Advances in genome assembly and phasing provide an opportunity to investigate the diploid architecture (i.e. taking into account that each human has pairs of chromosomes––with one allele for each gene on each of the two chromosomes in that pair) of the human genome. This approach should reveal the full range of structural variation across population groups.
Authors [attached publication] report the de novo assembly and haplotype phasing of one Korean individual AK1, using single-molecule real-time sequencing, next-generation mapping, microfluidics-based linked reads, and bacterial artificial chromosome (BAC) sequencing approaches. High concordance between the assembly and paired-end sequences from 62,758 BAC clones provided strong support for the robustness of the assembly. Authors identified 18,210 structural variants by direct comparison of the assembly with the human reference genome––identifying thousands of breakpoints that appear not to have been reported before. Many of the insertions are reflected in the transcriptome that are shared across the Asian population.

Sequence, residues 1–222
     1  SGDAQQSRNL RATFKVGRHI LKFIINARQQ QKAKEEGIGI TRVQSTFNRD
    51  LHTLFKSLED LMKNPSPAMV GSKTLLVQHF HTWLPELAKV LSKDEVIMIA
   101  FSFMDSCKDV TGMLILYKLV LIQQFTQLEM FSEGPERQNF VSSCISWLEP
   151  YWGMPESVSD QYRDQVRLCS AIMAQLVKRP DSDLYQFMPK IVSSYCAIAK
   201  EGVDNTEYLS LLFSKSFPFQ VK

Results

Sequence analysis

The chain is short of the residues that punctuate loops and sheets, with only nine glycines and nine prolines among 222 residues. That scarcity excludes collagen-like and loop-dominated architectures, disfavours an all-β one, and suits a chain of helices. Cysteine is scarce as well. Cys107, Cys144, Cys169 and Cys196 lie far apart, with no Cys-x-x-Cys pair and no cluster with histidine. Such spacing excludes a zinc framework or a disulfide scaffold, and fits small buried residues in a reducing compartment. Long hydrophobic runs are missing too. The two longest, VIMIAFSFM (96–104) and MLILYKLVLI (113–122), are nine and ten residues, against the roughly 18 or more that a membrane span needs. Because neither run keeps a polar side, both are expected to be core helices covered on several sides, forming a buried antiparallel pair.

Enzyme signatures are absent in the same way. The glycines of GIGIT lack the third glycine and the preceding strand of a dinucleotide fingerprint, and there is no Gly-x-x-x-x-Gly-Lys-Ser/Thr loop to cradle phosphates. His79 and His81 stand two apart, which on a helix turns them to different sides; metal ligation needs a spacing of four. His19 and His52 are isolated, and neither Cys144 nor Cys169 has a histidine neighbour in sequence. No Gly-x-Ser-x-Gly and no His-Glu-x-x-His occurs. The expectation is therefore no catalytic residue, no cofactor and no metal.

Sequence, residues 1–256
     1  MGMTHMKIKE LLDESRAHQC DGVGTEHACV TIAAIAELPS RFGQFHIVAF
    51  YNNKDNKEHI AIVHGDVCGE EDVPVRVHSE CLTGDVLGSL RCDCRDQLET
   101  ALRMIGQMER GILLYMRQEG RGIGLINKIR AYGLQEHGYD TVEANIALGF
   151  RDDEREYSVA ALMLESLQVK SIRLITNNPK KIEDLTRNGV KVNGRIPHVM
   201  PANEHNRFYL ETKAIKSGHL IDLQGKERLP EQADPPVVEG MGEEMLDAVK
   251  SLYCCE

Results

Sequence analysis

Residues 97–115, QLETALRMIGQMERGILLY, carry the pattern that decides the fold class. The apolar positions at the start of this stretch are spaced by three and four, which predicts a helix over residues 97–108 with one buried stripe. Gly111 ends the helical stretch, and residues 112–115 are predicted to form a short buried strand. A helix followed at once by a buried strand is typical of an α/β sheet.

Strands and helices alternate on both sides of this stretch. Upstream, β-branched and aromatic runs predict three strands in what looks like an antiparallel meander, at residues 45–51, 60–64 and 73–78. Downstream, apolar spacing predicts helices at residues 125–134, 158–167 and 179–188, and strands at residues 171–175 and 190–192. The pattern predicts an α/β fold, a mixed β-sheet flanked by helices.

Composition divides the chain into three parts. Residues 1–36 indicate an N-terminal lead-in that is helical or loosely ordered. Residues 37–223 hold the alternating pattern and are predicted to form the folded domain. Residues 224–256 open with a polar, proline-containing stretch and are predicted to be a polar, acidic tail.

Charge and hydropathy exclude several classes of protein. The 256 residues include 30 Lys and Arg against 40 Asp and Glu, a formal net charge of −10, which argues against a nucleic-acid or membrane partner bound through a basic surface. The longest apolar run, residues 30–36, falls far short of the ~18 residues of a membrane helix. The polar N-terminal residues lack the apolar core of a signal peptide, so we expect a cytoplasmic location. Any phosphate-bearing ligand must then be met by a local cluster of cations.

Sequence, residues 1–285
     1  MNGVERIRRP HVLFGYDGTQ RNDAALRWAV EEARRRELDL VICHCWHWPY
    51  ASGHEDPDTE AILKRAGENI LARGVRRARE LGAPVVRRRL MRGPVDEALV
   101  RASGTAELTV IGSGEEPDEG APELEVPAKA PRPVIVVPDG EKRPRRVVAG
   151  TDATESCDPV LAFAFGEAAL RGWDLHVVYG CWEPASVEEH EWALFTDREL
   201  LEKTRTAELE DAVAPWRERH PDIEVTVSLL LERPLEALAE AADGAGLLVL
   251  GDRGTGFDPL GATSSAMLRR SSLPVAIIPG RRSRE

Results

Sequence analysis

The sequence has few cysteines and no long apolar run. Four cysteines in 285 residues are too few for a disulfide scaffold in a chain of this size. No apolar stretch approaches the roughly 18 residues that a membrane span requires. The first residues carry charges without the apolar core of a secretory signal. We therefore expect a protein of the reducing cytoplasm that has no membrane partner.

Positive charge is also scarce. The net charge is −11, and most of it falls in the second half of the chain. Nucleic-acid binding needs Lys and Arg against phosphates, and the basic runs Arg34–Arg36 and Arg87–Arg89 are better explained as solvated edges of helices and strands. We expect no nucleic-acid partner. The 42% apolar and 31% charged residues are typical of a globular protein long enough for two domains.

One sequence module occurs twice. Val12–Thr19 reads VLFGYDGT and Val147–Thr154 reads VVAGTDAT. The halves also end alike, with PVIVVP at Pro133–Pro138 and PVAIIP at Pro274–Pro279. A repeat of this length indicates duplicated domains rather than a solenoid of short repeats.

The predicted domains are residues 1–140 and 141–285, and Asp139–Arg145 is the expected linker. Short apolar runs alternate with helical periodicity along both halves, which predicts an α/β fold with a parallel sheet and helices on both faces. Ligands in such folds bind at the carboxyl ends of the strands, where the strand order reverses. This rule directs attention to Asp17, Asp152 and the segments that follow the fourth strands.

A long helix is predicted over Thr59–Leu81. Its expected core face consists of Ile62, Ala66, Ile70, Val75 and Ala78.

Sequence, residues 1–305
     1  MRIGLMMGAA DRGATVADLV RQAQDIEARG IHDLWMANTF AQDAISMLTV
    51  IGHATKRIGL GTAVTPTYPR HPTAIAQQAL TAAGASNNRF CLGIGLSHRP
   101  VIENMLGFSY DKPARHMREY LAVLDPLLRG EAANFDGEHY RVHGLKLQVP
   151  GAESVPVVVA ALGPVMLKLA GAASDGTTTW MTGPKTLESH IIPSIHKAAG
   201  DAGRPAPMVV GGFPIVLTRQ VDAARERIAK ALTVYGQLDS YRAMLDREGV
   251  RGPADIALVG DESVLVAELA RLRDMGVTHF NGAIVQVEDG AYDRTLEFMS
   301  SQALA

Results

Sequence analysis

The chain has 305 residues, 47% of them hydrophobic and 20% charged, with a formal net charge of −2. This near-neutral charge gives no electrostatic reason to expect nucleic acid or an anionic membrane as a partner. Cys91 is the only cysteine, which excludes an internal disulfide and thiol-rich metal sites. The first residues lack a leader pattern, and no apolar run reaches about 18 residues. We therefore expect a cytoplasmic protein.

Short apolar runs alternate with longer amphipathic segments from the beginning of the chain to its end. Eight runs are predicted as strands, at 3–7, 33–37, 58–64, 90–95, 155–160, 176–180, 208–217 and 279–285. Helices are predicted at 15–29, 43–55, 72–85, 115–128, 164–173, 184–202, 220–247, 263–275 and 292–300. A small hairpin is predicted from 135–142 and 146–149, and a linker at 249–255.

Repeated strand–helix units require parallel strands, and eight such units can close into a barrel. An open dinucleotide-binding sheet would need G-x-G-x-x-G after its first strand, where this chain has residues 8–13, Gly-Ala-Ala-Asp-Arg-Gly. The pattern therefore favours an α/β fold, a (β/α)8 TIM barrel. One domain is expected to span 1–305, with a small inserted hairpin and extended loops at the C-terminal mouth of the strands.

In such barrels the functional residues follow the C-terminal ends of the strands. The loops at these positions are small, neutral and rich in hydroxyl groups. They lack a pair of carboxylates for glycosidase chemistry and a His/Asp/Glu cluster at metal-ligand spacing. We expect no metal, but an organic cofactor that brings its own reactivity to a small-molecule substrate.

Haplotigs (i.e. haplotypes found on continuous stretches of DNA that are 17-44 million bases in length) assembled from single-molecule real-time reads that were assigned to haplotypes on phased blocks––covered ~89% of genes. The haplotigs accurately characterized the hypervariable major histocompatability complex (MHC), region as well as demonstrating allelic configuration in clinically relevant genes such as CYP2D6. [CYP2D6 is expressed variably in humans, with subsets of people having ultra-high, normal expression, intermediate expression, and poor or no expression; these differences can be important to patients receiving any of six dozen or more prescribed drugs used for analgesic, heart and psychotropic disorders.]
Authors fell that their work presents the most contiguous diploid human genome assembly so far––showing extensive investigation of unreported and Asian-specific structural variants––and high-quality haplotyping of (presumably) clinically relevant alleles for precision medicine (e.g. CYP2D6).
Nature 13 Oct 2o16; 538: 243–247